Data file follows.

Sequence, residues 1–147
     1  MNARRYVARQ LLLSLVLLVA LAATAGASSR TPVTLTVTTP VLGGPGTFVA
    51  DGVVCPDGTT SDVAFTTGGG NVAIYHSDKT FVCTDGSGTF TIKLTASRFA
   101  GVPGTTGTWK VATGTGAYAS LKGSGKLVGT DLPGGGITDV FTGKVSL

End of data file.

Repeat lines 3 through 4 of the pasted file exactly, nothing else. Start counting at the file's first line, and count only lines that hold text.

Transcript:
    51  DGVVCPDGTT SDVAFTTGGG NVAIYHSDKT FVCTDGSGTF TIKLTASRFA
   101  GVPGTTGTWK VATGTGAYAS LKGSGKLVGT DLPGGGITDV FTGKVSL